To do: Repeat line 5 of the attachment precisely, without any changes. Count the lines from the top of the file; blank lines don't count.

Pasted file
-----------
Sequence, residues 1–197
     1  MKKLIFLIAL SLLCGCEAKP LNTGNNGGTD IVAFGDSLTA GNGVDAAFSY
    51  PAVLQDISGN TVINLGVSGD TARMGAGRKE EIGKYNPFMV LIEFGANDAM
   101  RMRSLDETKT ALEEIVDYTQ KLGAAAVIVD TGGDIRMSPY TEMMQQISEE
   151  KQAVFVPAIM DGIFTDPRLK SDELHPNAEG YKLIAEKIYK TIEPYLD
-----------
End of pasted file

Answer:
   151  KQAVFVPAIM DGIFTDPRLK SDELHPNAEG YKLIAEKIYK TIEPYLD